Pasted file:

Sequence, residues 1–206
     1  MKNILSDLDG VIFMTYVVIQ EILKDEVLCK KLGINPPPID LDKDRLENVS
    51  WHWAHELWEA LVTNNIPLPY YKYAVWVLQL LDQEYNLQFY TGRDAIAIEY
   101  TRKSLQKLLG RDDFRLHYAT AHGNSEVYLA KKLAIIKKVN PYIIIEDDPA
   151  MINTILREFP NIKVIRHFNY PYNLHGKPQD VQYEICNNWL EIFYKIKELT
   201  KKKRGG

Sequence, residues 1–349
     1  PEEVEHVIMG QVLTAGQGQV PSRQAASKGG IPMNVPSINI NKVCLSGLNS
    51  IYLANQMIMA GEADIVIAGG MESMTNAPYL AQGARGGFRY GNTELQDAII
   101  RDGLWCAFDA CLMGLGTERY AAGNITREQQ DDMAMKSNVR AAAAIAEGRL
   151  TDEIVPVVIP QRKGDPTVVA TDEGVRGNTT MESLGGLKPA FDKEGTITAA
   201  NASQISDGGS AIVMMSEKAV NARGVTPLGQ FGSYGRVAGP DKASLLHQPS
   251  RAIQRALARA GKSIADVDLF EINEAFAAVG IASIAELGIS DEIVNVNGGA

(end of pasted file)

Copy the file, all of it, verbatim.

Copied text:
Sequence, residues 1–206
     1  MKNILSDLDG VIFMTYVVIQ EILKDEVLCK KLGINPPPID LDKDRLENVS
    51  WHWAHELWEA LVTNNIPLPY YKYAVWVLQL LDQEYNLQFY TGRDAIAIEY
   101  TRKSLQKLLG RDDFRLHYAT AHGNSEVYLA KKLAIIKKVN PYIIIEDDPA
   151  MINTILREFP NIKVIRHFNY PYNLHGKPQD VQYEICNNWL EIFYKIKELT
   201  KKKRGG

Sequence, residues 1–349
     1  PEEVEHVIMG QVLTAGQGQV PSRQAASKGG IPMNVPSINI NKVCLSGLNS
    51  IYLANQMIMA GEADIVIAGG MESMTNAPYL AQGARGGFRY GNTELQDAII
   101  RDGLWCAFDA CLMGLGTERY AAGNITREQQ DDMAMKSNVR AAAAIAEGRL
   151  TDEIVPVVIP QRKGDPTVVA TDEGVRGNTT MESLGGLKPA FDKEGTITAA
   201  NASQISDGGS AIVMMSEKAV NARGVTPLGQ FGSYGRVAGP DKASLLHQPS
   251  RAIQRALARA GKSIADVDLF EINEAFAAVG IASIAELGIS DEIVNVNGGA